Error codes are status codes that indicate that there's been some sort of problem in getting you what you asked for. Annoying as they are, error codes serve an important a purpose: they help identify the problem, thereby helping you fix it. Observe:
400—Bad Request:this one means that the actual bits and bytes sent as a request may have gotten irreversibly jumbled, or pieces of it may have gotten lost. This corruption of data makes it pretty much unintelligible, even for the computer. This code's helpful because it tells you that simply refreshing the page will likely fix your problem.
401—Unauthorized:this one means you're not allowed to access this website or part thereof. It pops up most frequently when you try to go somewhere that requires you login first. So this one's helpful for reminding you to sign on.
404—Not Found: probably the one you're most familiar with, this one pops up anytime the server can't find what you're looking for. Sometimes web pages or their contents get pulled down or deleted. When that happens, searching for them leads to a 404 code (like this one), telling you that what you're looking for isn't in the place you're looking.
418—I'm a teapot: this code was an April Fool's joke, intended to be returned by teapots instructed to make coffee. Now it's mostly just an easter egg occasionally used by developers who want to have a giggle. If you're really paying attention, about half of the internet is just a thin veneer hiding treasure troves of jokes like this.
HTTP does a number of things to try to speed itself up, but the most notable is caching. Caching involves storing frequently used information from a website, so that it doesn't have to be requested and retransmitted upon successive visits to the site. It's kind of like a portion of the website is already preloaded onto your web browser, and it does a lot to speed up browsing on the internet.
And speaking of speeding things up…
The very first version of HTTP was—get this—HTTP 0.9; not 1.0, or even 0.0 as a programmer might start counting. We don't know why they decided to begin it where they did, but it was 1991 and we were still shaking off the weirdness of the '80s. The more reasonably named HTTP 1.0 didn't show up until 1996.
A vast improvement on both 0.9 and 1.0, HTTP 1.1 made its debut in 1999. It made some important changes that drastically sped up the internet, one of the most important being the setup of a TCP pipeline. Basically, in 1.0, requests were made one at a time, with a separate connection established for each one. It's kind of like washing your dishes by putting them in the dishwasher one at a time, and running it to wash a single dish.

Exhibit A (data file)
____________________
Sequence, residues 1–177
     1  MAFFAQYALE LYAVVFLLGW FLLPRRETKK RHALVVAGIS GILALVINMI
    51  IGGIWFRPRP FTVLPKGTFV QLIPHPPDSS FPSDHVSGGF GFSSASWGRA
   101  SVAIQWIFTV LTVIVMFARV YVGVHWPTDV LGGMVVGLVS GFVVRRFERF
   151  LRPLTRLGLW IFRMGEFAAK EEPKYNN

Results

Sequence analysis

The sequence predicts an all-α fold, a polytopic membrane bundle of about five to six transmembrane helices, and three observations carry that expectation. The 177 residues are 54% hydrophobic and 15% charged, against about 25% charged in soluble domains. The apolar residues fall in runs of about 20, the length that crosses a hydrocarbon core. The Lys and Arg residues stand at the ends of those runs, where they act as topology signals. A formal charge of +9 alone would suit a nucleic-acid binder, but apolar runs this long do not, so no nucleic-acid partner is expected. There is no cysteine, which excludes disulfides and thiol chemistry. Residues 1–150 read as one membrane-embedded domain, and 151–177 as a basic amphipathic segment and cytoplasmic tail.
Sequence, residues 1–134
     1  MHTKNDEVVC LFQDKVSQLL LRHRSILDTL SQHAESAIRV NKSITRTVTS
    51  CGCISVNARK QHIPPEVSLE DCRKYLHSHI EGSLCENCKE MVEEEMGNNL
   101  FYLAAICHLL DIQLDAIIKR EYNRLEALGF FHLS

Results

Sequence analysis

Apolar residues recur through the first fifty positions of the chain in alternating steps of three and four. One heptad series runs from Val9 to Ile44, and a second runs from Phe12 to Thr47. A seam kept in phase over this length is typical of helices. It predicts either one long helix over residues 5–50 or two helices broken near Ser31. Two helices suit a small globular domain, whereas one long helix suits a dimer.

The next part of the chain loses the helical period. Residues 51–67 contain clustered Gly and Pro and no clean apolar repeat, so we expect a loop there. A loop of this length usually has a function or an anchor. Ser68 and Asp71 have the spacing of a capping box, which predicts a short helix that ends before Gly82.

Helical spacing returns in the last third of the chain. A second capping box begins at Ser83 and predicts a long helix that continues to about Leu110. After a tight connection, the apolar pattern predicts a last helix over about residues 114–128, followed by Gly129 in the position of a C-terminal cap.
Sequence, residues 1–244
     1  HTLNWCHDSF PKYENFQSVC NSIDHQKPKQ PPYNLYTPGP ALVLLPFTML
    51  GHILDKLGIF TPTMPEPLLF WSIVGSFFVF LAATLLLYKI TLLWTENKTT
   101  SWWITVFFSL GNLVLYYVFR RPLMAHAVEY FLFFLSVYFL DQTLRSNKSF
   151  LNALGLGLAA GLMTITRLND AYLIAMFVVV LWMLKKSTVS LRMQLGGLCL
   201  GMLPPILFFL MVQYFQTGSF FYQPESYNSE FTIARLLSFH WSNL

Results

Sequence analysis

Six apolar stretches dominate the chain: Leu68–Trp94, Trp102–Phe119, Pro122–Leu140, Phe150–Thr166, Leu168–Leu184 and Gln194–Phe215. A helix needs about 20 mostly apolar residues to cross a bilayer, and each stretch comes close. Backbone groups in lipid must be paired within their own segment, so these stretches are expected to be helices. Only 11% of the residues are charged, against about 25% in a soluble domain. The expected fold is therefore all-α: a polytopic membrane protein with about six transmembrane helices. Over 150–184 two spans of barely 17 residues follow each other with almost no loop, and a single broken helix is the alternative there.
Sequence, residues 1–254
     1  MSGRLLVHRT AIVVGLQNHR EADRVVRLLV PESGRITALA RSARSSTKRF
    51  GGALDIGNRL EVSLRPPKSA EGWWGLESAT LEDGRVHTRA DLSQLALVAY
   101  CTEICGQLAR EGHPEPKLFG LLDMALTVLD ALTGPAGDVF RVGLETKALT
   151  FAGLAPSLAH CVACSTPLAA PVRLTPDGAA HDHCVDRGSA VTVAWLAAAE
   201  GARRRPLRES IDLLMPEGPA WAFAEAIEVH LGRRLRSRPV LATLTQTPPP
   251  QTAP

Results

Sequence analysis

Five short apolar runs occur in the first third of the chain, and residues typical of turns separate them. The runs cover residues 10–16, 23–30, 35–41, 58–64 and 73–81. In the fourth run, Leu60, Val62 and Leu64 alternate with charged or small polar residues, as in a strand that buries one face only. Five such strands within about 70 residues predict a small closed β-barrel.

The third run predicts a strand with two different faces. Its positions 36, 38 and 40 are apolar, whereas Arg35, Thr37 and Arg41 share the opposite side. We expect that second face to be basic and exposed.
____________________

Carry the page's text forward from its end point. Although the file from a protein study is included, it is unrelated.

It works, but it's not a very effective way to get the job done.
1.1 improved this by establishing more perpetual connections, connections that allowed for batching of requests. This not only speeds up how fast requests can be sent, received, and responded to, but it also cuts down on internet traffic overall, which decreases latency simply due to the fact that people aren't hogging the internet like your roommate that takes 45-minutes showers and uses up all the hot water.
2.0 is new; it didn't come out to greet the world until 2015. With hardware leaping and bounding in its upward momentum, software and programming need to keep up. Sometimes they don't, though, which is how we end up with 2015 internet capacity running 1999 HTTP. Version 2.0 aims to address some of the limitations that 1.1 imposes upon the internet, and add things that help speed it up and smooth it out.
2.0 added things like multiplexing and concurrency, making it possible to send multiple requests at the same time (or nearly the same time) on a single TCP connection. The server-side TCP doesn't even have to receive them in the proper order; it can sort through that as it all comes in. This cut down on how many client/server connections have to be established.
2.0 also adds stream dependencies—a fancy way of saying that you should be able to tell the server which resource you're requesting is most important for you to get your hands on.
At the time of this article's creation, the internet is still in the process of transitioning to 2.0. Oddly enough, this coincides with the transition from IPv4 to IPv6. So the internet's not just getting a facelift, it's getting reconstructive surgery.
Now, what do you do when you have sensitive and private information you need to transmit, like social security numbers or credit card info? Well, regular ol' HTTP can't help you much, since it keeps dedicated hackers out as well as a screen door keeps a hungry dog out of your kitchen. So, instead of using HTTP, you use HTTPS.
HTTPS stands for the same thing as HTTP, except the "S" stands for secure. The long answer involves discussion of terms like "SSL," "TLS," which we're not going to provide here. The short version works like this: HTTPS adds keys to the system, and you have to have the appropriate key to unlock the securities to get to the data.
HTTPS communications certify themselves so that you know that they are in play. You can tell they're working properly when the URL turns green, and there's a little lock symbol at the beginning of it. Green, of course, means you're good to go, and that your sensitive information is safely locked away behind that little padlock.
When it all comes down to it, HTTP is your go-to guy for getting stuff done on the internet. It's an evolving system, and one that's finally catching up to the world that's using it. It's the standard; it's become so prolific that you don't even need to put "http://" at the beginning of a URL anymore—it's just assumed.
So go ahead; impress your friends with your newfound knowledge of—and appreciation for—a part of the internet that goes unnoticed by so many.